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ICFP 2016
Sun 18 - Sat 24 September 2016 Nara, Japan
Sat 24 Sep 2016 12:10 - 12:35 at Conference Room 1 - Types and Effects

New Haskell programmers often find themselves “trapped in a monad”. Given a computation of type ‘IO a’, there is no way to get the ‘a’ value “out” of the computation. One can use the monadic ‘bind’ operator to create a new computation based on the old one, but this can lead to an awkward style of programming. Haskell is really two distinct sub languages, where the pure sub language is used to compose computations in the monadic sub-language. When effects need to be added to previously pure code we also need to undertake a big refactoring effort, converting ‘let’ to ‘do’, and ‘map’ to ‘mapM’ and so on.

In this talk I’ll present a practical implementation of a coeffect system that lets us get the ‘a’ out. Given a suspended computation M of type ‘IO a’, ‘run M’ evaluates it, releasing its effect into the context, and producing the value of type ‘a’. Conversely, given a term N of type ‘a’ which would perform an IO effect when evaluated, ‘box N’ suspends its evaluation, returning a value of type ‘IO a’. This idea has been described previously, by both Filinski [1] who named the operators ‘reflect’ and ‘reify’, as well as Pfenning and Davies [2] in the context of lax modal logic.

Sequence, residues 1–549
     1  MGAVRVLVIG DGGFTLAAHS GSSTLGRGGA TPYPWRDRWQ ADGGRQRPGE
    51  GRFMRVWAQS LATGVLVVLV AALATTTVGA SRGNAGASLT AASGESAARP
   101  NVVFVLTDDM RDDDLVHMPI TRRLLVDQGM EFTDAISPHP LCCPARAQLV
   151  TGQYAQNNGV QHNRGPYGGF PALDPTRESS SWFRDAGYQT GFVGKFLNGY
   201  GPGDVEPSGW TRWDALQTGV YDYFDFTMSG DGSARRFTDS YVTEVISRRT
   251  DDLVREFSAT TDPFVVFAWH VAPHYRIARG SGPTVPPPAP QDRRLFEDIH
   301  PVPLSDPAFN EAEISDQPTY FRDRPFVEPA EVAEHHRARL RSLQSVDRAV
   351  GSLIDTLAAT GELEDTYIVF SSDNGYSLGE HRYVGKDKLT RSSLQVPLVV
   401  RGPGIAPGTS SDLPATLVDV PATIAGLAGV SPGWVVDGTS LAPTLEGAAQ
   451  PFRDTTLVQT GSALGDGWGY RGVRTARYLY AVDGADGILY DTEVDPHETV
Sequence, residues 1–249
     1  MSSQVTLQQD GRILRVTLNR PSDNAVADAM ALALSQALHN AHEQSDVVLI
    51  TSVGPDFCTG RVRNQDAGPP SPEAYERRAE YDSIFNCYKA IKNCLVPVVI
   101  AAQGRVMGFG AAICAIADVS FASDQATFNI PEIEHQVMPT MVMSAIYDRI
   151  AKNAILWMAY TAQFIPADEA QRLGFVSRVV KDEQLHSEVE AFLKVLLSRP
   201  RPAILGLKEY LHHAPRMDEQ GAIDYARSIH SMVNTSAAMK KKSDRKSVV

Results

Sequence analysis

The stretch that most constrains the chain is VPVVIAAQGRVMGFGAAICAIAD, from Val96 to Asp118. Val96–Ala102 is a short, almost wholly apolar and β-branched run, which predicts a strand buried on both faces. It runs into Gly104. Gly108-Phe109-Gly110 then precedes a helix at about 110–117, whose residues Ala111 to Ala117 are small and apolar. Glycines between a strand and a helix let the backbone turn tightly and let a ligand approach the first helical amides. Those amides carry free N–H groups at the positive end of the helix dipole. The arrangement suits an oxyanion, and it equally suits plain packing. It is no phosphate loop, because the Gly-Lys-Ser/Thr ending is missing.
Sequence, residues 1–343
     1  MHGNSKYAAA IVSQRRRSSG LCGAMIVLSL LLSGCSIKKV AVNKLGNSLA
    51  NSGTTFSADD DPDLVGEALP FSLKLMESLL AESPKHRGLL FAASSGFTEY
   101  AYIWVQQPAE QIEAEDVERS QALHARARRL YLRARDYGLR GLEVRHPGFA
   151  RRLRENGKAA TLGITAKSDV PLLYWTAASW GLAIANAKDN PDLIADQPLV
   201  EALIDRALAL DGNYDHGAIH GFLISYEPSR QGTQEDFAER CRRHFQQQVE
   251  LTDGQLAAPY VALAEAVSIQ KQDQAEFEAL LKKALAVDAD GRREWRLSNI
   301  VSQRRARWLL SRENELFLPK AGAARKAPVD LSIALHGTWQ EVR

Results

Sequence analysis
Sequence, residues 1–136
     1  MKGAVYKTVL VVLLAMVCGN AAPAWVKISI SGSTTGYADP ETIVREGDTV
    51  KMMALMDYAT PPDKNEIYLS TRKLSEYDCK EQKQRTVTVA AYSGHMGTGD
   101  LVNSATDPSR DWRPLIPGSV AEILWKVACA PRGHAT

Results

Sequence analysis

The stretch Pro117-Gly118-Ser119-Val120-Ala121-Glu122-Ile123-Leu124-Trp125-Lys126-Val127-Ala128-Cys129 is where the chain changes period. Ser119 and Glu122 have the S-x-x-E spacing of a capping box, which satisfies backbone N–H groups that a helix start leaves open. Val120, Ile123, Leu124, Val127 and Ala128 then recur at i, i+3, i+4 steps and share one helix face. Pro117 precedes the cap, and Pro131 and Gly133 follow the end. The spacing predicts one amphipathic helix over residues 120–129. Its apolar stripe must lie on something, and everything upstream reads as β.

Although the theory works out, manually inserting ‘run’ and ‘box’ casts into a program is even more annoying than converting ‘let’-expressions to ‘do’-expressions when effects need to be added to pure code. Luckily, there is a way to automatically insert these casts during type checking, so we can write code in a style that assumes implicit effects (like in ML), but with types as nice as in Haskell. This system has recently been implemented in DDC [3] as an extension to Dunfield and Krishnaswami’s bidirectional type checking algorithm [4]. Automatically inserting run and box casts works surprisingly well, and also supports DDC’s approach to type safe freezing, where mutable objects can be converted to immutable ones, without unsafe hacks like ‘unsafeFreezeArray’.

[1] Representing Monads Andrzej Filinski Principles of Programming Languages, 2004.

[2] A Judgmental Reconstruction of Modal Logic Frank Pfenning and Rowan Davies Mathematical Structures in Computer Science, 2000.

[3] The Disciplined Disciple Compiler https://github.com/DDCSF/ddc

[4] Complete and Easy Bidirectional Typechecking for Higher-Ranked Polymorphism. Joshua Dunfield and Neelakantan Krishnaswami International Conference on Functional Programming, 2013.

Sat 24 Sep

Displayed time zone: Osaka, Sapporo, Tokyo change

11:45 - 12:35
Types and EffectsHIW at Conference Room 1
A Dependent Haskell Triptych
Richard A. Eisenberg Bryn Mawr College
Automatically Escaping Monads
Ben Lippmeier University of New South Wales